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Suitability of the SOCL's protocol's provision for dealing with concurrency on Australian construction projects

By Peter Ward

Abstract

Concurrent delays are one of the most contentious and dispute causing events on construction projects. In October 2002 the United Kingdom’s Society of Construction Law published a Protocol aimed at addressing the issues associated with delay and disruption on construction projects that contains an approach for dealing with concurrency and compensation for prolongation. The aim of this research project was to assess the suitability for adoption of the proposed method for dealing with concurrency and compensation for prolongation for use on Australian construction projects. Semi structured qualitative interviews were carried out with representatives of the Protocol drafters, Australian construction professionals and legal practitioners to obtain their opinions. Conclusions are that the proposed method for dealing with concurrency is considered to be fair and reasonable and in accordance with the general practices currently undertaken in Australia, and should be suitable for adoption with the minimum of conflict. The proposed method of dealing with compensation for prolongation is considered fair and consistent with the intentions of the protocol, but difficult or impossible to enforce or put into practice in reality, limiting its likely use and adoption by the Australian construction industry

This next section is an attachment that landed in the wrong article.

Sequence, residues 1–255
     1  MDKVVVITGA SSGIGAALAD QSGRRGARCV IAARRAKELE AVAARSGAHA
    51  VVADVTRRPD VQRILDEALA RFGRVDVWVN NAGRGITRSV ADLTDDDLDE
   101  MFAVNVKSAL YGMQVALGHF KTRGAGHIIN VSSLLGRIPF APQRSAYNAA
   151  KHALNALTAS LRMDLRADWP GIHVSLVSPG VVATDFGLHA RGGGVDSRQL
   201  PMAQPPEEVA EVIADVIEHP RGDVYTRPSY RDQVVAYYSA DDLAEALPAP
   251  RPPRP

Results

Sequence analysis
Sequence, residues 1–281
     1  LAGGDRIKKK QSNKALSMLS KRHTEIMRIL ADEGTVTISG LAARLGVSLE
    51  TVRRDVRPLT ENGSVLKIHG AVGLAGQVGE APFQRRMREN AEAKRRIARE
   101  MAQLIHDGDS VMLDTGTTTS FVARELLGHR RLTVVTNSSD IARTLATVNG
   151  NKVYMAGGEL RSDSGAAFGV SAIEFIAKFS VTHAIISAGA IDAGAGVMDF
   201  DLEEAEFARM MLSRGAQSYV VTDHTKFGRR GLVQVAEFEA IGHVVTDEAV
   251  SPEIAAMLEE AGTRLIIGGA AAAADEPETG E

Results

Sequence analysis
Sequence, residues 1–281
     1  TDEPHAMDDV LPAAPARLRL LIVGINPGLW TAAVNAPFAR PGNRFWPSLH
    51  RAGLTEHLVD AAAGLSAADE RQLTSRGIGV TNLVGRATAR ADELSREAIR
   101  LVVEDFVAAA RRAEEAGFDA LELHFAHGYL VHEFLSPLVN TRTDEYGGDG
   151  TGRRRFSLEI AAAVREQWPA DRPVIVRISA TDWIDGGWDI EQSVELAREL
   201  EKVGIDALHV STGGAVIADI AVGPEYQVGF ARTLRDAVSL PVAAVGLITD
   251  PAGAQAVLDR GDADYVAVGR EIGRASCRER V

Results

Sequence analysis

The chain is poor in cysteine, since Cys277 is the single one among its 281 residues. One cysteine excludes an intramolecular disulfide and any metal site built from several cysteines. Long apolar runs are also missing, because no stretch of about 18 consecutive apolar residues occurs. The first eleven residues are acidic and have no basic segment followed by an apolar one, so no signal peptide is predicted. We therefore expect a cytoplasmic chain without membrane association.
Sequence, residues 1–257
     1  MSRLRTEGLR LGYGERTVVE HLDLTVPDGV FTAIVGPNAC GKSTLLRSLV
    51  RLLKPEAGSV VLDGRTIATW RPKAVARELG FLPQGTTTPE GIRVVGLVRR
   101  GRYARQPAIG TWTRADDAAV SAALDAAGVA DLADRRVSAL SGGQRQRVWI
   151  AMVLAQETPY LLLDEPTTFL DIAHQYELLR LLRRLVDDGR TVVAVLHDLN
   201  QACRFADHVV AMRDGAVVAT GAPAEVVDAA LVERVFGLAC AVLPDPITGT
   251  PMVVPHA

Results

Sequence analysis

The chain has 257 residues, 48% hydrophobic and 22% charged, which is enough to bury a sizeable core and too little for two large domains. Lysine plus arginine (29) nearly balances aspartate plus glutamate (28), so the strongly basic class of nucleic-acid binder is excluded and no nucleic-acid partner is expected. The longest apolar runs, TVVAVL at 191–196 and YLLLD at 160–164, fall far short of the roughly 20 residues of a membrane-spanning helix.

Topics: claims, concurrency, delay, extension of time, protocol
Publisher: Hong Kong Polytechnic University, Department of Building and Real Estate
Year: 2006
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